Well, SiTe combination actually is rather logical one. We collect loads of factual information around us, and use tried n' tested methods and commonly seek to use the best known practices. "If it worked well before, it will work well in the future."
Exactly, complete clarity, none of that messy Ne to muddy the waters.
Due to growth in technology, our society values analytical and logical traits.
In the newer, technological generation, it seems natural for the ISTJ to adapt these qualities as a norm of society. (ie. Engineering is a respectable job.)
Type has little to do with the potential for intelligence, only the amount we choose to use it.
An ISTJ with the correct motivations can easily develop the above qualities, it would just be for different reasons than those of an INTP.
(Personal example): An ISTJ friend of mine is a great programmer, and very efficient in both maths and sciences, far more than I am capable. The difference is that she's motivated by job security... not curiosity. But she still developed her intelligence to incredible heights, because job security was a good motivator for her.
How many ISTJs give a damn about MBTI in the first place?
They're too busy about their working lives to introspect heavily, let alone, spend considerable time on something that needs a certain degree of analysis to understand, like MBTI, unlike INTPs that have so much time in their hands.
Speaking from experience though, one thing good about INTP, which the extroverted crowd can possibly envy about, is that the INTP can easily project an image of being smart (publicly), even if he may not necessarily be the smartest guy around (INTPs doubt their intelligence, even if it's their most defining asset). But it can always be perceived as an anti-social behavior if not used right.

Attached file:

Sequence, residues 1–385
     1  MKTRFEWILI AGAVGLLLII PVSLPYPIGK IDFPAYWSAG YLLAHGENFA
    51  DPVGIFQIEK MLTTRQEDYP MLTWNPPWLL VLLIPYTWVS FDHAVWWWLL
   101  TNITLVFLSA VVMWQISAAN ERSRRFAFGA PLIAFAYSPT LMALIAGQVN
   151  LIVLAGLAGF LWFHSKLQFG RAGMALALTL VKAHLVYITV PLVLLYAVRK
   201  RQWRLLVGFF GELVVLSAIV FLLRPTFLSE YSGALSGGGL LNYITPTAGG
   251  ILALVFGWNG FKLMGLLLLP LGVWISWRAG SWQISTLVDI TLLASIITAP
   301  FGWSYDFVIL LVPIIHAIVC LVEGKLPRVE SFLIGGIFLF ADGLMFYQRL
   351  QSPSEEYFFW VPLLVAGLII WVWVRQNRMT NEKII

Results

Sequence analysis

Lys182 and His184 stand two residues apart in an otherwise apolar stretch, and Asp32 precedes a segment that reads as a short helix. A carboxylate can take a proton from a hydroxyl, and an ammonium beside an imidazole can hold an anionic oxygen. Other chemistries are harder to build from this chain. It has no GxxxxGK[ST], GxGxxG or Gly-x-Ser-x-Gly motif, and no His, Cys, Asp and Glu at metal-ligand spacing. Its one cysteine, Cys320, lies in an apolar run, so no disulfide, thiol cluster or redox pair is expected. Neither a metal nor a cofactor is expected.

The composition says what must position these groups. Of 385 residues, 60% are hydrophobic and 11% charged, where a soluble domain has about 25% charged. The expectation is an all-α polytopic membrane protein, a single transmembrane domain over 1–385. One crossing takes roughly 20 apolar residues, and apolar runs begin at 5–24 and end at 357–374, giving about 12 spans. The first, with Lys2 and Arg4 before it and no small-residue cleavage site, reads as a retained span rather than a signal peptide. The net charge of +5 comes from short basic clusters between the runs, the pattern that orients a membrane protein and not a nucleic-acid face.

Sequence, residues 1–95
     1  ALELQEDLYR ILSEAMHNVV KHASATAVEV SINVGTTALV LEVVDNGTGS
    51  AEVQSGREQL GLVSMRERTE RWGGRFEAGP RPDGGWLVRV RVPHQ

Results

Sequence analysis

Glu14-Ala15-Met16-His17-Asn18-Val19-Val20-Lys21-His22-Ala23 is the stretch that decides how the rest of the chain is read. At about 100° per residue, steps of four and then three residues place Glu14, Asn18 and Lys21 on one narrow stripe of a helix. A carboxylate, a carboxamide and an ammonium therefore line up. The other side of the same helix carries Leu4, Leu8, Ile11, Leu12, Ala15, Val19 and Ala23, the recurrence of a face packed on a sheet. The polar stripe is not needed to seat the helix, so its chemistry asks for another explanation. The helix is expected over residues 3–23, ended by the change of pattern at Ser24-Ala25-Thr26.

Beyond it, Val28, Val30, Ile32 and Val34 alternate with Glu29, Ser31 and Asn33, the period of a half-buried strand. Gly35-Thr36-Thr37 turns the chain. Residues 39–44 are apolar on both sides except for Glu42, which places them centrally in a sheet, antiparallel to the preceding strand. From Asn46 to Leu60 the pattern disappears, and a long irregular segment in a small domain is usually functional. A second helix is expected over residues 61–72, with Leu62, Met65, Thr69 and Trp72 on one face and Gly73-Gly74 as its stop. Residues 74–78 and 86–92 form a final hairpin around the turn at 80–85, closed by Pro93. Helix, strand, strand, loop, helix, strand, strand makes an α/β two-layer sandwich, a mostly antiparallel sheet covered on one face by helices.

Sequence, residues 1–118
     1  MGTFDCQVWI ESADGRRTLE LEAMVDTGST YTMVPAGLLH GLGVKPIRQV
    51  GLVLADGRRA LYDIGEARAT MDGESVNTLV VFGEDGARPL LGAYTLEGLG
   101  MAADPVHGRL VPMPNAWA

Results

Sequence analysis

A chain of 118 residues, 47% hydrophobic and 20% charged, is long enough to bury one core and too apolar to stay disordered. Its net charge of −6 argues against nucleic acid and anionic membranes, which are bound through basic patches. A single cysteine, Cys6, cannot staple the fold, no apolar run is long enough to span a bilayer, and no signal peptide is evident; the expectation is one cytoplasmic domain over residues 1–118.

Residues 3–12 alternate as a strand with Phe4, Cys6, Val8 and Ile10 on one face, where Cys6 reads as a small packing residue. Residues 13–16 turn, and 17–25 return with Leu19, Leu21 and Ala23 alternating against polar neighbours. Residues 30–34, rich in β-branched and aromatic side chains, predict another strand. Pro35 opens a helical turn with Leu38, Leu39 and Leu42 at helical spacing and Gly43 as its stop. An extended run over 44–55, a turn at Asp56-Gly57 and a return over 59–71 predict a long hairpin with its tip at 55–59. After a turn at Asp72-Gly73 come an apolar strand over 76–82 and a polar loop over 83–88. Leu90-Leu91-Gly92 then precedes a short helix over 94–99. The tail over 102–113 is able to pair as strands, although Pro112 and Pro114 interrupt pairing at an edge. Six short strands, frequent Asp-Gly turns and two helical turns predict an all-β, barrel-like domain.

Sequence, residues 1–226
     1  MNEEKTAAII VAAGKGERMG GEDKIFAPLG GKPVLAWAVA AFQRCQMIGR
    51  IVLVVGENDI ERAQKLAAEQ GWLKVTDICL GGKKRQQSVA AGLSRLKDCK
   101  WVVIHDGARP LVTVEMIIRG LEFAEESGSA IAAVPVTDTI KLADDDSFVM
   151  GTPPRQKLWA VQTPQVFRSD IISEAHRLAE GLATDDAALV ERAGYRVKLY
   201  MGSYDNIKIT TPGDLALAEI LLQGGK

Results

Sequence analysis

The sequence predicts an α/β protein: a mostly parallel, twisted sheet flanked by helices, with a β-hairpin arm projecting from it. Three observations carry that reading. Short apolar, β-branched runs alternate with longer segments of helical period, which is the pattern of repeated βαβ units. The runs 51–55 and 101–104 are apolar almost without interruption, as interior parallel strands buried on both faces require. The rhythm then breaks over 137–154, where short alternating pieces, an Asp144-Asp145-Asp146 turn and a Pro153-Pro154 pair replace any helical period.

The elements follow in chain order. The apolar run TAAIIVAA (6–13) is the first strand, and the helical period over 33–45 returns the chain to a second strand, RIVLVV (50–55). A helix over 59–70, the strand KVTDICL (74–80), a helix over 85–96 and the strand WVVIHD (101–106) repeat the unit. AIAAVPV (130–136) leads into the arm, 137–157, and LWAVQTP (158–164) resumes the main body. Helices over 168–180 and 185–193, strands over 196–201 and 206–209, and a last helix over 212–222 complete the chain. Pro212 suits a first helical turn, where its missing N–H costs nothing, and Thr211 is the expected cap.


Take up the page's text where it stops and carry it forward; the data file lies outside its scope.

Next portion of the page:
The only time, I think, that an ISTJ can be jealous of an INTP is if the ISTJ perceives that he is boring, and he wants to be a cool geek, which the INTP can easily be good at. Often times though, I don't think ISTJs recognize that they are.
There's this time though that an ISTJ got really pissed off of me because I can easily connect better (gazillion times better) to the ENFJ chick we both fancy. Though I consider this an isolated case, I don't wanna consider this a reflection of something that may not necessarily occur that often.
This is based basically on sightings on INTPc. According to this hypotesis, the "defining" traits of an INTP, such as highly "analytical", "logical", even "intellectually superior" in worst cases, may very well mislead an average ISTJ, who encounters the MBTI for the first time. Because it is not uncommon for an ISTJ to take pride in his "rational", "logical" thinking, the misfortunate ISTJ will assume that indeed he must be the INTP - the most logical and rational type.
At the first sight, he may appear to be one - analyzing and rationalizing everything like the world's biggest scientist, but there are definite deviations from INTP archetype once observed closely.